- Any fungus, bacterium, virus, or other microorganisms, except for those on or in living man or other living animals and those on or in processed food or processed animal feed, beverages, drugs (as defined in FFDCA sec. 201(g)(1)) and cosmetics (as defined in FFDCA sec. 201(i)).
Growth regulators are considered pesticides as defined in the FIFRA regulations. Therefore, the in-scope wastewater associated with the PFPR of growth regulators would be covered by the PFPR rule. Surfactants are generally inert, not active, ingredients of the pesticide product; therefore, when formulated into a pesticide product as an inert material, the surfactant isn't specifically covered, but wastewater associated with the PFPR of the pesticide product (which contains the surfactant) would be covered, as long as the pesticide active ingredient (or the product as a whole) is not exempt from the regulation.
If a chemical can be shown not to pass through a publicly owned treatment works (POTW), can that chemical be exempt from the PFPR rule?
The P2 alternative allows some amount of discharge when a facility is following certain P2 practices set out by this rule and is performing treatment where required by the rule, even if the chemical is deemed to pass through. A facility can perhaps also obtain removal credits from the POTW/control authority for a particular chemical (see page 57547 of the preamble to the final PFPR rule in Appendix A). Basically, once compliance with 40 CFR Part 403.7 (removal credit regulations) is shown and removal credit authority is granted, the control authority can remove the requirement for pretreatment of the pollutants that remain in a PFPR facility's wastewater discharge after all applicable P2 practices have been implemented and those pollutants can be demonstrated to neither pass through nor interfere with the operation of the POTW (in accordance with 40 CFR 403 provisions). The PFPR industrial user would also have to continue to comply with the pollution prevention practices as specified in the P2 alternative even if a removal credit has been provided. Note that four organic chemicals considered to be priority pollutants (phenol, 2-chlorophenol, 2,4-dichlorophenol, and 2,4-demethyl phenol) are already excluded from pretreatment standards of this regulation because they do not pass through a POTW.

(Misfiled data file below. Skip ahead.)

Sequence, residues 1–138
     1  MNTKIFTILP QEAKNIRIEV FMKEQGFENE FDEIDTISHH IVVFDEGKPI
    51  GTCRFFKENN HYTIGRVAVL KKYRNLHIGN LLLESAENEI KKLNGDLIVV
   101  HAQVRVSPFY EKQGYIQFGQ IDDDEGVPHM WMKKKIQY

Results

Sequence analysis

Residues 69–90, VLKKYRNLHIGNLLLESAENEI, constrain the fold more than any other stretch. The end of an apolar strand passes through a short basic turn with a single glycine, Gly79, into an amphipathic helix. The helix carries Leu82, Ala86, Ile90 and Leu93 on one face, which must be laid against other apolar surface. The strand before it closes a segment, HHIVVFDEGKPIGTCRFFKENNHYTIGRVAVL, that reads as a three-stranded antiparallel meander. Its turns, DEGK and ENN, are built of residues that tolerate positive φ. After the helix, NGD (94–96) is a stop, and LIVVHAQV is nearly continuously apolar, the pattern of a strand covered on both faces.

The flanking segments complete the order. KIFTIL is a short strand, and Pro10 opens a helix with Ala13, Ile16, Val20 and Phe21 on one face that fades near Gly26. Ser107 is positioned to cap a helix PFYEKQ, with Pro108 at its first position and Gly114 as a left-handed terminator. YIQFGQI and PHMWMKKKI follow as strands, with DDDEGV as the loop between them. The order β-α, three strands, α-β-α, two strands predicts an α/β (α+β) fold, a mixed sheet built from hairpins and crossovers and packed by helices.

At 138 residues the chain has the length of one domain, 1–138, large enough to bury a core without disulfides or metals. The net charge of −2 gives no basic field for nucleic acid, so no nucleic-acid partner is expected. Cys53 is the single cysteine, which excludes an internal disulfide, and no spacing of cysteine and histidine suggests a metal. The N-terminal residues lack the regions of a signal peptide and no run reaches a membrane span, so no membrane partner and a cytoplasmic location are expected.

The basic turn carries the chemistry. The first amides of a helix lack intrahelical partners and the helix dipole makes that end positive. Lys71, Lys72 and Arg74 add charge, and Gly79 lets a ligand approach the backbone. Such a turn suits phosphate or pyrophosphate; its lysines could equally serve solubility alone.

How does a facility demonstrate that a pesticide active ingredient does not pass through the POTW?
As defined at 40 CFR 403.3, pass-through occurs when a POTW violates their NPDES permit. Pass-through of pesticide active ingredients cannot be shown in this manner unless the POTW has limits for specific pesticide active ingredients or has whole effluent toxicity limits (and a toxicity event can be tied to one or more pesticide active ingredients).
The POTW can also make a separate determination whether pesticide active ingredients that are discharged from industrial users are pollutants that could potentially pass through. In this analysis, the POTW measures the level of pesticide active ingredient in both the POTW's influent and effluent. The pesticide active ingredient must be detected in the influent to determine whether pass through occurs. In addition, the POTW can decide whether the presence of the pesticide active ingredient adversely impacts the POTW's treatment operations. If the POTW determines that the pesticide active ingredient either passes through or adversely impacts operations, local limitations may be assigned.
What about the pesticide active ingredient limits that were developed for regulation of the pesticide manufacturing industry (58 FR 50637)?
The limitations developed for the pesticide manufacturing industry covered a much smaller scope of chemicals than the PFPR rule. In addition, the mass-based limitations for the manufacturing industry were developed based on the variability of their wastewaters. PFPR wastewaters can be more variable than pesticide manufacturing wastewaters; therefore, in some cases, it may not be appropriate to transfer the limitation to the PFPR industry. However, it may be possible and desirable for a pesticide manufacturer to receive an additional allowance in their discharge for their PFPR wastewater by applying the pesticide manufacturing limits to the additional production associated with PFPR operations after the facility has incorporated the listed P2 practices into their PFPR operations.
What is the difference between drum rinsates and interior equipment rinsates and their respective P2 practices?
Both are defined as interior wastewater sources (which require treatment prior to discharge); however, they are different sources. Drum rinsates are generated from the cleaning of raw material drums and can typically be used immediately in the product formulation. Drum cleaning also includes the cleaning of shipping containers that may be returned to the shipping facility. The listed P2 practices for drum rinsing include direct reuse, storage and reuse, or use of a countercurrent drum rinsing station.